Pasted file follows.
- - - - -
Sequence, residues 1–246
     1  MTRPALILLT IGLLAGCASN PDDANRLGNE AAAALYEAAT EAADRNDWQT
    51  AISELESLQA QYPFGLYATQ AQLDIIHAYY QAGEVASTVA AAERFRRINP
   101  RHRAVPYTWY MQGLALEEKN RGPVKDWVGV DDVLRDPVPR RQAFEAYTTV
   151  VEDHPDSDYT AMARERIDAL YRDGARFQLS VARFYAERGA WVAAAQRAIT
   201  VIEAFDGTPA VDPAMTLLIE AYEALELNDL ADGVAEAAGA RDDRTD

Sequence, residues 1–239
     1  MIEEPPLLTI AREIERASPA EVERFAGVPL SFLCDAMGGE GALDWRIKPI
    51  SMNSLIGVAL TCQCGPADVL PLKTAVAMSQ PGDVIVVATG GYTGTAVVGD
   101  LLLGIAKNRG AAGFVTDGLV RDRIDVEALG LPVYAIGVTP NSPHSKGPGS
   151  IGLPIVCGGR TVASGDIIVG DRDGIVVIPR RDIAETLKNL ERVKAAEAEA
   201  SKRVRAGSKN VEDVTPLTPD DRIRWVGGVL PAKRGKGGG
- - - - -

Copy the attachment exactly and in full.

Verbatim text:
Sequence, residues 1–246
     1  MTRPALILLT IGLLAGCASN PDDANRLGNE AAAALYEAAT EAADRNDWQT
    51  AISELESLQA QYPFGLYATQ AQLDIIHAYY QAGEVASTVA AAERFRRINP
   101  RHRAVPYTWY MQGLALEEKN RGPVKDWVGV DDVLRDPVPR RQAFEAYTTV
   151  VEDHPDSDYT AMARERIDAL YRDGARFQLS VARFYAERGA WVAAAQRAIT
   201  VIEAFDGTPA VDPAMTLLIE AYEALELNDL ADGVAEAAGA RDDRTD

Sequence, residues 1–239
     1  MIEEPPLLTI AREIERASPA EVERFAGVPL SFLCDAMGGE GALDWRIKPI
    51  SMNSLIGVAL TCQCGPADVL PLKTAVAMSQ PGDVIVVATG GYTGTAVVGD
   101  LLLGIAKNRG AAGFVTDGLV RDRIDVEALG LPVYAIGVTP NSPHSKGPGS
   151  IGLPIVCGGR TVASGDIIVG DRDGIVVIPR RDIAETLKNL ERVKAAEAEA
   201  SKRVRAGSKN VEDVTPLTPD DRIRWVGGVL PAKRGKGGG